“Come, all you who are thirsty,Isaiah 55:1-4 (NIV)
come to the waters;
and you who have no money,
come, buy and eat!
Come, buy wine and milk
without money and without cost.
2 Why spend money on what is not bread,
and your labor on what does not satisfy?
Listen, listen to me, and eat what is good,
and you will delight in the richest of fare.
3 Give ear and come to me;
listen, that you may live.
I will make an everlasting covenant with you,
my faithful love promised to David.
4 See, I have made him a witness to the peoples,
a ruler and commander of the peoples.
Many of us have not experienced what it means to not have food when hungry, or something to drink when thirsty. We may have had short periods of time when we have been unable to access food or drink but it never has become a life-threatening situation. There are people in our communities who have, and do, experience food and drink insecurities. Even today in the United States there are children and adults who are malnourished and facing life-threatening inadequacies. This is true in every nation on earth. For most of us, this situation is so far removed from us that hunger and thirst is only a hypothetical experience. Only if we open our eyes to those who society wishes to hide, or we are confronted by images on the television, are we able to acknowledge such a physical need.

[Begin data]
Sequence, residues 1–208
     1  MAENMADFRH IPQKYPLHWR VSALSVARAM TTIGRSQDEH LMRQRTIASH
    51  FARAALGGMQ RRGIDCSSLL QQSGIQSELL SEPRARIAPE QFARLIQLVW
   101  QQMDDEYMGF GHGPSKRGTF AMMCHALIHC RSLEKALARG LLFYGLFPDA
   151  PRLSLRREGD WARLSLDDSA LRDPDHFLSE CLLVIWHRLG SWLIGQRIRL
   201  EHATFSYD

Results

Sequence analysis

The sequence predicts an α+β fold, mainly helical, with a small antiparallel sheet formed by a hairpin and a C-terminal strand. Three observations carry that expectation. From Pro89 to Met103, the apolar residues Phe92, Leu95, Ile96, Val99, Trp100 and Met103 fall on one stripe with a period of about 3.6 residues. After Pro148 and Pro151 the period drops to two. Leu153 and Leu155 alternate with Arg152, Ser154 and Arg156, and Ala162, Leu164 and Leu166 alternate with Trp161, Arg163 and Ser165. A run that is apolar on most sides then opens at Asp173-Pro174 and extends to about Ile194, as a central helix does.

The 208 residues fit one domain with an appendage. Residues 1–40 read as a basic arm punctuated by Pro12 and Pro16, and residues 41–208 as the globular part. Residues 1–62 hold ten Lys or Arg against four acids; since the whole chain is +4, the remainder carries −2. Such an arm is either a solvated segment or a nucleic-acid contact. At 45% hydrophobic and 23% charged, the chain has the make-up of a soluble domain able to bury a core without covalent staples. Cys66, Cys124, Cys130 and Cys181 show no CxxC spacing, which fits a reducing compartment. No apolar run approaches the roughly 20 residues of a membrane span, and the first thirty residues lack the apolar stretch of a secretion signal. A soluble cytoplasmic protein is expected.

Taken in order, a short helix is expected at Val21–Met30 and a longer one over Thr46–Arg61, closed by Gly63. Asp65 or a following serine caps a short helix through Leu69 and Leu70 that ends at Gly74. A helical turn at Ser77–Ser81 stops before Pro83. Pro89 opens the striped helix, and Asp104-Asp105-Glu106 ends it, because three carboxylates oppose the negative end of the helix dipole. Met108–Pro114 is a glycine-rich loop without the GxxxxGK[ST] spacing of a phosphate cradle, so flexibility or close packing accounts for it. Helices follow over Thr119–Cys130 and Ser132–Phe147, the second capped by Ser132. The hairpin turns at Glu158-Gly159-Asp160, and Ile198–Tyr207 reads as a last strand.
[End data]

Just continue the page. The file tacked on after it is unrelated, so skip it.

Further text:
The writer of Isaiah takes hunger and thirst beyond a physical experience to a spiritual one. In our passage today, the prophet speaks on behalf of God. God invites all to come to God to be satisfied. The thirsty will find water that quenches the thirst indefinitely. The hungry will be filled completely. No payment is required for what God offers. God offers all which is necessary for life within an experience of great love.
While the physical hunger and thirst may be a them-not-me experience for us, the spiritual hunger and thirst is often very familiar. We are born with a desire and need to be spiritually fed. When this need is going unmet, we search for spiritual food and drink just as our human bodies instinctively do the same. God created us in a way that both these forms of need and searching are part of who we are as beings. Only God can meet the needs of our spiritual being in a way which is long-lasting and completely satisfying. All others are temporary and eventually unfulfilling.
God extends an ongoing invitation, “Come all you who are thirty…” This is an invitation which Jesus repeats as well. The invitation is for you.